Fourth of July Pet Safety Tips

Fourth of July Pet Safety Tips

With all the excitement and preparation that occurs as we celebrate our nation’s independence on the Fourth of July, our dogs are often not a part of the planning. While we’re busy enjoying food, drinks, summertime sun and fireworks, our unattended pets may be hiding under the bed or in the bathtub and could be more fearful than festive. What is it about Independence Day and other holidays that frighten our pets?

Loud Noises and Pets

By the time their hearing develops at 21 days old, puppies can hear 4 times the distance as humans and perceive a broader range of high-pitched frequencies from 67-45,000 Hz, compared to a human range of 64-23,000 Hz. Imagine the high-pitched squeal of a firework launching into the air followed by a blast 4 times as powerful as the sound we hear. Now imagine you have no idea what caused that noise. Painful? Scary? You bet!

To help ease your pup as much as possible and keep them safe during Independence Day festivities, here are some tips:

Pet Safety Tips for Independence Day

Leave Your Pet at Home

Resist the urge to bring your pet with you to the party. Take a cue from your dog if they like to hide when they hear loud noises or experience unfamiliar things. An enclosed interior place can provide a quiet escape for your pet. If they take comfort in their crate, you can use a heavy quilt to throw over the top for an added sound barrier.

Anxiety-Reducing Items for Pets

Thundershirts securely swaddle your dog, providing a calming sensation and some relief for about 50% of pets. Even playing classical music in the background can help alleviate stress and drown out other noises.

Anti-anxiety supplements such as valerian root, Bach Flower essence (Rescue Remedy), Adaptil pheromones, melatonin or the L-theanine found in the chewable Composure are all aids. For especially anxious dogs, salivating, pawing the ground, whining or destroying bedding and walls, taking prescription medication available through your veterinarian may be advisable.

Be sure to get your vet’s recommendation before pursuing supplements or medication for your pup. If you do choose to supplement or medicate, it’s best to do a test run a few weeks prior to the Fourth of July so that you can witness the medication’s effect on your dog and whether it works.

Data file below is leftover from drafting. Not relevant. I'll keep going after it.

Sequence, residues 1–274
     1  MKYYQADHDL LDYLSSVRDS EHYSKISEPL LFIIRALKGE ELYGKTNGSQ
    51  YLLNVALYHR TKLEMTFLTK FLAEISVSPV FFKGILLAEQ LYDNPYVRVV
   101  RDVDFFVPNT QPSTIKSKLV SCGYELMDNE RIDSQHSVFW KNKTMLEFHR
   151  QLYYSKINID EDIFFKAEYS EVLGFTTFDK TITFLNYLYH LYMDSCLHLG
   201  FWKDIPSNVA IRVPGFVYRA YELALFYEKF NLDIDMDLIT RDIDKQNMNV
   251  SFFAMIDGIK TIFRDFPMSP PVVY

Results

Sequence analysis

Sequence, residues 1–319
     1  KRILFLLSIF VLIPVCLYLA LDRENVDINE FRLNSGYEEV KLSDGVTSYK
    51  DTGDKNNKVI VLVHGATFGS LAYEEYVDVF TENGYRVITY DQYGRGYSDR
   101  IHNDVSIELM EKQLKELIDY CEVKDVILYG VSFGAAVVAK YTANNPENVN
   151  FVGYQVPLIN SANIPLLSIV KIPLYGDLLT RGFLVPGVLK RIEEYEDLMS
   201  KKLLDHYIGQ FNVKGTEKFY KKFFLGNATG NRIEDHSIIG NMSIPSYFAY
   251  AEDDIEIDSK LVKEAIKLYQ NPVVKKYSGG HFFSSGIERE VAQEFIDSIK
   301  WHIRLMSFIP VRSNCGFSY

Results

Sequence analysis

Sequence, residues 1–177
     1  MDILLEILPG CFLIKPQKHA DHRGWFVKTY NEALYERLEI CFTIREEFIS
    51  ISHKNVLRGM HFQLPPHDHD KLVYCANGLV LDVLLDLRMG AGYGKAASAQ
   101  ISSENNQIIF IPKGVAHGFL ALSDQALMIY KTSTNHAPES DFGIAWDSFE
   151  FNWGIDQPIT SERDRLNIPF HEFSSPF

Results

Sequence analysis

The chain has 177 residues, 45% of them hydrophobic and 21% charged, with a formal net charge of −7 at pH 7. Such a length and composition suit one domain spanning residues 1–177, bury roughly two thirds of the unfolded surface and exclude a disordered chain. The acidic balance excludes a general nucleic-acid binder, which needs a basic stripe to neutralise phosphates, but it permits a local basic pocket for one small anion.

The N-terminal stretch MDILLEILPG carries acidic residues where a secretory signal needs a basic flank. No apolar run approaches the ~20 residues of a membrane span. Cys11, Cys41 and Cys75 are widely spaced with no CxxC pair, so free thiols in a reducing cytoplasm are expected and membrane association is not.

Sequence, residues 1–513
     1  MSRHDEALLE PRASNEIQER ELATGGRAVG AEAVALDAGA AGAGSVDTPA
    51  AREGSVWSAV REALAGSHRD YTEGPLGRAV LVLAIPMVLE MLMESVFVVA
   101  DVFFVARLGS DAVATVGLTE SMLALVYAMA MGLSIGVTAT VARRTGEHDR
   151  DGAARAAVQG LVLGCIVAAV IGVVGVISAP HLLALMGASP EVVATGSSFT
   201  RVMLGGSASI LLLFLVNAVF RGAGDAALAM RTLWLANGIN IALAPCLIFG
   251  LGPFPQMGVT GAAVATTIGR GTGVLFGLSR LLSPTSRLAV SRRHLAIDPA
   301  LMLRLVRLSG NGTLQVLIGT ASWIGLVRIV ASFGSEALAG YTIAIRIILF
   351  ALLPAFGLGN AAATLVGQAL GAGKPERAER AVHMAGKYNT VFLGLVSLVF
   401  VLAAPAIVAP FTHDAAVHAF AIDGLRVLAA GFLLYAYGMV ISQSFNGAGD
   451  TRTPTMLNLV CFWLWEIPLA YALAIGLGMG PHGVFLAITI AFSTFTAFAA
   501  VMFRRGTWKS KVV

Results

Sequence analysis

Keep Toxic Foods Away

With an abundance of grilling food and drinks readily accessible to humans at the party, dogs may take advantage and snatch a few bites for themselves. Chocolate, garlic, onions, grapes or raisins and high fatty foods should be kept away from your pets. Pancreatitis, intestinal blockages and diarrhea are common ailments treated at emergency clinics around the holidays.

Micro-chipping and Updated ID Tags

Because we are often distracted, our pets can take a backseat to party preparations, guests and the celebration. It’s common for dogs to try to sneak past an open door during a party. This can lead to them wandering past your property line and potentially getting hurt.

At a minimum, make sure your pet has a microchip and current ID tags in case they breach security. If your dog has a habit of slipping past you, make sure that doors and gates are always securely closed.

Beware of Hot Temperatures

Temperatures are often quite high during the month of July. Because your dog can only release heat via panting and the few glands on their footpads, they are prone to heatstroke. Help your pet stay cool by keeping them in an air-conditioned space with water and shade.

Check your Yard for Firework Debris

After the Fourth of July celebrations, explore the remains of your backyard party and search the space before you let your dog out. You may be surprised to find a still-warm grill, a cell phone, corn cob, fizzled sparklers and other debris littering the ground. All these things can be hazardous to your pet.

Keep these Fourth of July pet safety tips in mind, and have a happy and safe Independence Day!

For all your future celebration needs, we’re here to help! We’ll scoop your pet’s poop on a weekly, bi-weekly, monthly or one-time basis to ensure your yard is poop-free and ready for guests.

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